The Small Law Department Committee develops and explores ways that lawyers in small law departments and generalists in larger departments can best provide legal services to their corporate clients. The committee provides numerous practical resources, including best practices and sample policies.
A summary of the Virtual Roundtable on Contracting Processes that was held on January 29th, 2015 by the Small Law Department Committee is available now. Panelists described contract negotiation playbooks, contract management software, personnel vs. volume and many more subjects.
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Thursday, May 14, 2015 at 3:00 PM ET, 7:00 PM GMT
Includes an online presentation
This program will identify and explain the issues that are most likely to cause problems for a lean company involved in importing and how to most effectively address such issues. If you and your team have a limited amount of time to dedicate to import compliance, these are the issues which should be at the top of the list when allocating your attention and resources. Among the topics covered will be failure to declare dutiable assists, misclassification, antidumping, incorrect country of origin marking and failure to properly make North American Free Trade Act or other Federal Transit Administration origination determinations. In addition, the various types of communications importers receive from US Customs and Border Protection will be identified and the consequences of each discussed so that in-house counsel can determine which communications can be dealt with routinely and which indicate serious problems. This is part one of a two-part series on import and export compliance. Part Two will be held on June 11, 2015. Brian Walsh, Partner, Barnes, Richardson & Colburn, LLP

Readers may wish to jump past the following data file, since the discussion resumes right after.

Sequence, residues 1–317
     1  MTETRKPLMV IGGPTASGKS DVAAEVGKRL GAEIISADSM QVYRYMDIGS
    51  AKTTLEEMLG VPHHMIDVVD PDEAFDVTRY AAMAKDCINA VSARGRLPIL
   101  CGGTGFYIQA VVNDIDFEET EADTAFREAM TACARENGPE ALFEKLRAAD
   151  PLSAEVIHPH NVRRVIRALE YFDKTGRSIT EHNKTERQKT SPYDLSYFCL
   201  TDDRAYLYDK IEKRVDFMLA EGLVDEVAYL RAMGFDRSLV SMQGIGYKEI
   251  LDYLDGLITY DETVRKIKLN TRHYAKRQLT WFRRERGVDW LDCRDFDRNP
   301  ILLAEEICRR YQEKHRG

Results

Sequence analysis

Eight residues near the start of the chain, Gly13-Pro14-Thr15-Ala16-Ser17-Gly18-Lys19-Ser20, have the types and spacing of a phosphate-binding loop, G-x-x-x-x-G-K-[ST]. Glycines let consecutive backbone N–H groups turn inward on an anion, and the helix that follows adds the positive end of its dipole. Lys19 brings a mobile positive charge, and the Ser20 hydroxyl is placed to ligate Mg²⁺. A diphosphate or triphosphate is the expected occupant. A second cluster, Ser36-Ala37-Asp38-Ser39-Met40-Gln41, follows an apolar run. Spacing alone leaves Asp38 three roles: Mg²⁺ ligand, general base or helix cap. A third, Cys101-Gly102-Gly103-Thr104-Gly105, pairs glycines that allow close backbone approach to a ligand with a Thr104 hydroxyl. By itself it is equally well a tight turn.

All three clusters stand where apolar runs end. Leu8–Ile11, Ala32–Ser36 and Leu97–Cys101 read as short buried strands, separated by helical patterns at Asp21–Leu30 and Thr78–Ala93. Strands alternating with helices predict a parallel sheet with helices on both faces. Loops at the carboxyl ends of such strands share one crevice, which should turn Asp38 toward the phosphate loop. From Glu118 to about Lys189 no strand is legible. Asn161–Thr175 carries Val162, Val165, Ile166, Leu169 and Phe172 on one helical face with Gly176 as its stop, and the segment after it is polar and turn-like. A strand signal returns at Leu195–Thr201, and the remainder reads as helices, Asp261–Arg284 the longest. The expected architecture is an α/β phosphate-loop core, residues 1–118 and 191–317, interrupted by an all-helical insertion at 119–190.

Thursday, June 11, 2015 at 3:00 PM ET, 7:00 PM GMT
Includes an online presentation
If your company is involved in exporting products or technologies subject to the license requirements of the Bureau of Industry and Security or the Department of State, your team needs to be engaged in export compliance. Even companies that do not consider themselves to be engaged in high technology or defense exports must comply with certain requirements. Further, companies which do not believe themselves to be subject to license requirements can face substantial liabilities as a result of the evolution of their products or technologies or changes in their customer or end user base. This program will identify the steps that even companies without licensable products and technologies must take to maintain compliance and how to determine when your company is taking steps which will lead to increased export violation potential. This is part 2 of a 2 part series on import and export compliance. A recording of part 1 can be found here. Brian Walsh, Partner, Barnes, Richardson & Colburn, LLP
Employee Stock Ownership Plan: Is It the Right Fit for Our Company in the United States
Apr 30 2015 2:00 PM ET
On-Line CLE/CPD Program
Sponsored by Meritas